Figure 3. Detection of protein L1 in membrane of human sperm during capacitation in absence or presence of L1 and/or Asta. Western blot analysis (panel a) of plasma membrane (obtained as described in Methods) of sperm cells, at T0 or incubated in capacitating conditions for 180 min in absence (C) or presence of L1 10 μg/μL, Asta 2 μM or Asta+ L1. Membranes of different samples were analyzed by SDS-PAGE, transferred to nitrocellulose and immuno-revealed with anti-L1 antibody and then with anti-β actin as loading control. Bands were densitometrically analyzed (panel b) and the amount of bound L1 was expressed as ng calculated by the ratio between samples and the bands of L1 protein (500 ng). a: p < 0.001 comparing Asta+L1 sample to L1. Values are expressed as the mean ± SD. The figure is representative of seven separate experiments conducted in triplicate. When analyzed in other compartments, L1 detection was practically negligible (Figure S1), thus indicating that the main site of L1 binding was on the membrane.
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Figure 4. Reactive oxygen species (ROS) generation curves of sperm samples and effects of Asta, L1, or both. Sperm cells from 3 volunteers for each experiment were collected to form a pool with a sufficient number of cells. Sperm were incubated for up to 180 min in capacitating conditions in the absence (C) or presence of Asta (2 µM), L1 (10 µg/mL), or both (Asta+L1). Luminol chemiluminescence was monitored during sperm capacitation. Results are expressed as moving averages of Relative Luminescence Units (RLU)/30 sec for 2 × 106 cells. Figure is representative of n = 7 separate experiments. Detection was carried out in triplicate.
Figure 4. Reactive oxygen species (ROS) generation curves of sperm samples and effects of Asta, L1, or both. Sperm cells from 3 volunteers for each experiment were collected to form a pool with a sufficient number of cells. Sperm were incubated for up to 180 min in capacitating conditions in the absence (C) or presence of Asta (2 µM), L1 (10 µg/mL), or both (Asta+L1). Luminol chemiluminescence was monitored during sperm capacitation. Results are expressed as moving averages of Relative Luminescence Units (RLU)/30 sec for 2 × 106 cells. Figure is representative of n = 7 separate experiments. Detection was carried out in triplicate.
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Table 1. Sperm motility and kinematic parameters observed in different samples. Motility and kinematic parameters of spermatozoon were evaluated with computer-assisted sperm analysis (CASA) at T0 (before starting incubation) and after 180 min of incubation in capacitating conditions in absence (C) or presence of L1, Asta or both. Motility = progressive and non-progressive motility (%); VSL = straight-line velocity (µm/s); VAP = average path velocity (µm/s); ALH = amplitude of lateral head displacement (µm).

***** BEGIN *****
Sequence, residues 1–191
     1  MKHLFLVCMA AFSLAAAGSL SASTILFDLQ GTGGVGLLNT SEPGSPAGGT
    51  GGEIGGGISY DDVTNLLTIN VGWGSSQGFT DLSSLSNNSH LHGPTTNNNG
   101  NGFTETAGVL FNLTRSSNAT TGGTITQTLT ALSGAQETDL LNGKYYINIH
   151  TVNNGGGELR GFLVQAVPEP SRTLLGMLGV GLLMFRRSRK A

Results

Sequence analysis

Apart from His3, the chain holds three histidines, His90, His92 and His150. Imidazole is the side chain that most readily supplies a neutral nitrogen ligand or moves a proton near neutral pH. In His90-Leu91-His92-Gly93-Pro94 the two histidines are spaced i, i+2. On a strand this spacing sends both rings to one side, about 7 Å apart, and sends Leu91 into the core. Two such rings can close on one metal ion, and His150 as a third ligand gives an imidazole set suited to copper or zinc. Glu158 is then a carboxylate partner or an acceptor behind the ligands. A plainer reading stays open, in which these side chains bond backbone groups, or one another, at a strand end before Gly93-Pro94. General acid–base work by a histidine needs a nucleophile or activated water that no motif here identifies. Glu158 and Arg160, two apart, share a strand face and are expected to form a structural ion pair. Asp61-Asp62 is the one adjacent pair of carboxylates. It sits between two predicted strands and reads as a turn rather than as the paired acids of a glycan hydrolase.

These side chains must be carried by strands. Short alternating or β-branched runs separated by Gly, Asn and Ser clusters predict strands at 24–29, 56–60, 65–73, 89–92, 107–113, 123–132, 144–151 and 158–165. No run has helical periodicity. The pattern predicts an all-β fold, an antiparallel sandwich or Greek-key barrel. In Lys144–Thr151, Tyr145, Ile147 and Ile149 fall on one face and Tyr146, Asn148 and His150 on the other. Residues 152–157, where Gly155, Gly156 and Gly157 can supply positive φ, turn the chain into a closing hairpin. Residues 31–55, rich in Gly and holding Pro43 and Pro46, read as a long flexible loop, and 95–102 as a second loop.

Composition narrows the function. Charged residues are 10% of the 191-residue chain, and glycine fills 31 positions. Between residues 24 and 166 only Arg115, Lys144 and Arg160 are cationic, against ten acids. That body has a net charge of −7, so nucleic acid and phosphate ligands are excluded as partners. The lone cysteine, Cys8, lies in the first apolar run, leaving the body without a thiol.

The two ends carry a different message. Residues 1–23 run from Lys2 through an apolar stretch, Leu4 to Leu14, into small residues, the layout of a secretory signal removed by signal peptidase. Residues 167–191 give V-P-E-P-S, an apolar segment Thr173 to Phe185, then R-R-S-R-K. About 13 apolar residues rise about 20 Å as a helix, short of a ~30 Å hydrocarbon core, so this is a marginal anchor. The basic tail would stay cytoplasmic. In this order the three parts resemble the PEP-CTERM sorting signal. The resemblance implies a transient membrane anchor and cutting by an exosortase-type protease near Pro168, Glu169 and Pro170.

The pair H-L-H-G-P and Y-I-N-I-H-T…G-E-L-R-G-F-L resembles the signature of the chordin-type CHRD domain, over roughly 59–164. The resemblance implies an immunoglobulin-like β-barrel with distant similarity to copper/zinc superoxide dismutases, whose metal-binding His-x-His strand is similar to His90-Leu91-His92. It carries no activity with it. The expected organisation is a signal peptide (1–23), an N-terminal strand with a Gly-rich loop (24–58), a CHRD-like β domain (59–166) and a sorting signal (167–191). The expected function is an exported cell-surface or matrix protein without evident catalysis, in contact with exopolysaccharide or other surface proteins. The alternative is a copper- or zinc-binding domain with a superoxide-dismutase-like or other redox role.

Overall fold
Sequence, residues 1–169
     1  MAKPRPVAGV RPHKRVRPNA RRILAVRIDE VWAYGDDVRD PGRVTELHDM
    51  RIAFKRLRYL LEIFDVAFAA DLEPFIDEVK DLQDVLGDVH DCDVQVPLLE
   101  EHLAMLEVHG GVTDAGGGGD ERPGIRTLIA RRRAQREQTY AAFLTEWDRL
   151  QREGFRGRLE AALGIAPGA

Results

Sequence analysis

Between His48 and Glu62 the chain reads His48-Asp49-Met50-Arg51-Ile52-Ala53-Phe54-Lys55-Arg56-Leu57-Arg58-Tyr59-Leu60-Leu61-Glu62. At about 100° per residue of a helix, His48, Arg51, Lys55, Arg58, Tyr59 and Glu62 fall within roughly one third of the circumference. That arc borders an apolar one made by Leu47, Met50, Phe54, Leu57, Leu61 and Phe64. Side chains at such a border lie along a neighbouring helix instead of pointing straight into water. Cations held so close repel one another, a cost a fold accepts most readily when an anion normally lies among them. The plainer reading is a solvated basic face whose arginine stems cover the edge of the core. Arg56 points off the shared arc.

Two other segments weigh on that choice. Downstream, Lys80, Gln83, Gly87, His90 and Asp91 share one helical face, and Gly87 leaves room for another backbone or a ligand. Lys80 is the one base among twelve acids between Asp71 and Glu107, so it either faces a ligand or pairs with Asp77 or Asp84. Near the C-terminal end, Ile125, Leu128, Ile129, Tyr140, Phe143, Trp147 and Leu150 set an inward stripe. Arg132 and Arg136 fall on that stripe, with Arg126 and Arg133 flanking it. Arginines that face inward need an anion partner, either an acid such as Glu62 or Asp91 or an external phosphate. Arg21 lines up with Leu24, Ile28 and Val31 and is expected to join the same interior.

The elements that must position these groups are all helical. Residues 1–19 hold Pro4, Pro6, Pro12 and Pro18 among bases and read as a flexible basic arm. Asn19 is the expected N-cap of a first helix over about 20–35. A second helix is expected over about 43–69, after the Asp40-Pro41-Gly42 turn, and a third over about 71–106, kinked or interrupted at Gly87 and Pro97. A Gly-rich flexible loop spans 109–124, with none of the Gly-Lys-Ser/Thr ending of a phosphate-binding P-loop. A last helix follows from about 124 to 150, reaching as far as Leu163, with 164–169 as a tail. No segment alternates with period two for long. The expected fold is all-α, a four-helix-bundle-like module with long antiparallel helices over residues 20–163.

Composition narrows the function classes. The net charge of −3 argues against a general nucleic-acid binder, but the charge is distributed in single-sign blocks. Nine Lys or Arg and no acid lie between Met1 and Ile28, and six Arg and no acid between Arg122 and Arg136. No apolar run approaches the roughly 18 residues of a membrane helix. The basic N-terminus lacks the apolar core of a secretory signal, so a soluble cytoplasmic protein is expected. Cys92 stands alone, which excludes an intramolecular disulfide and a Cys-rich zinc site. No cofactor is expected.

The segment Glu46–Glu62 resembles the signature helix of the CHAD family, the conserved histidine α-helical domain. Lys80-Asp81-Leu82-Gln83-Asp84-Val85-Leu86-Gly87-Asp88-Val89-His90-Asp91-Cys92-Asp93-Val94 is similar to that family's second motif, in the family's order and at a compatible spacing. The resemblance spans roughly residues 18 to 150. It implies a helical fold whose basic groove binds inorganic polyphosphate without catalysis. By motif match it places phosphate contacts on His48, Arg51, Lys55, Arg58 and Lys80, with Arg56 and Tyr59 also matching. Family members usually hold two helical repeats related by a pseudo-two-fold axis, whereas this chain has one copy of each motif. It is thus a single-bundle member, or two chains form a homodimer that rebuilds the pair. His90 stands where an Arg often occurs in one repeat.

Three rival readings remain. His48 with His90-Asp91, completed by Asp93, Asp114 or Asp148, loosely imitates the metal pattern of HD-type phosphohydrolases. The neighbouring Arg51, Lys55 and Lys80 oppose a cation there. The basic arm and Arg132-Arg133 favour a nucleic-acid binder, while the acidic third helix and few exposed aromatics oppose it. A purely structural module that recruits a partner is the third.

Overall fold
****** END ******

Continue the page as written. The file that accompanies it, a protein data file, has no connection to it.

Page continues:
Table 1. Sperm motility and kinematic parameters observed in different samples. Motility and kinematic parameters of spermatozoon were evaluated with computer-assisted sperm analysis (CASA) at T0 (before starting incubation) and after 180 min of incubation in capacitating conditions in absence (C) or presence of L1, Asta or both. Motility = progressive and non-progressive motility (%); VSL = straight-line velocity (µm/s); VAP = average path velocity (µm/s); ALH = amplitude of lateral head displacement (µm).
Motility (%)VSL (µm/s)VAP (µm/s)ALH (µm)
T068 ± 958.4 ± 8.954.0 ± 6.73.1 ± 0.5
C75 ± 11 77.8 ± 13.9 a67.6 ± 11.0 a4.9 ± 0.9 a
L1 1 µg/mL74 ± 1076.9 ± 9.4 a67.3 ± 9.0 a4.7 ± 0.6 a
L1 10 µg/mL73 ± 876.3 ± 8.8 a67.5 ± 7.2 a4.8 ± 0.7 a
L1 13 µg/mL73 ± 876.4 ± 8.9 a67.4 ± 8.1 a4.8 ± 0.6 a
Asta75 ± 978.2 ± 13.6 a67.9 ± 9.3 a5.0 ± 0.6 a
Asta+L1 1074 ± 677.7 ± 11.3 a67.0 ± 7.5 a4.9 ± 0.7 a
a: p < 0.001, comparing each parameter under different treatment against T0, by using Dunnett’s test, following a significant one-way ANOVA; no significant difference was observed comparing each treatment against C. Values are expressed as the mean ± SD.
Table 2. Sperm biochemical parameters observed in different samples. Sperm biochemical parameters were evaluated with fluorescence microscopy at T0 (before starting incubation) and after 180 min of incubation in capacitating conditions in absence (C) or presence of L1 (L1 1, 10 or 13 µg/mL), Asta or both (Asta+L1 10 µg/mL) as described in Methods.
Table 2. Sperm biochemical parameters observed in different samples. Sperm biochemical parameters were evaluated with fluorescence microscopy at T0 (before starting incubation) and after 180 min of incubation in capacitating conditions in absence (C) or presence of L1 (L1 1, 10 or 13 µg/mL), Asta or both (Asta+L1 10 µg/mL) as described in Methods.
L1 (%)CTB (%)Lyn (%)Tyr-P (%)ARC (%)NVC (%)
Tot. StainedHeadHeadHeadHead
T0NDND13.4 ± 1.79.2 ± 1.215.3 ± 2.18.1 ± 1.37.1 ± 1.2
CNDND72.0 ± 3.663.1 ± 2.568.4 ± 2.965.7 ± 4.210.1 ± 0.9
L1 1 µg/mL 55.3 ± 3.6 a17.6 ± 7.0 a25.5 ± 3.5 a20.5 ± 2.7 a19.7 ± 2.3 a20.9 ± 3.2 a10.3 ± 1.1
L1 10 µg/mL 98.1 ± 1.6 a59.9 ± 3.9 a21.3 ± 4.2 a16.3 ± 3.5 a11.3 ± 1.7 a19.4 ± 2.8 a10.6 ± 1.3
L1 13 µg/mL 99.1 ± 0.7 a62.1 ± 4.8 a15.8 ± 3.5 a13.9 ± 2.2 a10.2 ± 1.3 a14.6 ± 3.3 a11.4 ± 1.0 b
AstaNDND72.9 ± 2.865.4 ± 2.871.3 ± 1.8 b67.9 ± 3.59.3 ± 1.5
Asta+L1 1045.5 ± 4.2 a,c43.8 ± 9.0 a,c50.2 ± 2.7 a,c43.2 ± 3.0 a,c43.6 ± 3.9 a,c40.8 ± 2.6 a,c9.6 ± 1.0
a: p < 0.001, b: p < 0.05, comparing each sample against C by using Dunnett’s test, following a significant one-way ANOVA; c: p < 0.001, comparing Asta+L1 10 sample to L1 10 µg/mL by using Dunnett’s test, following a significant one-way ANOVA. ND: not detectable, and assumed as zero for calculation. Values are expressed as the mean ± SD.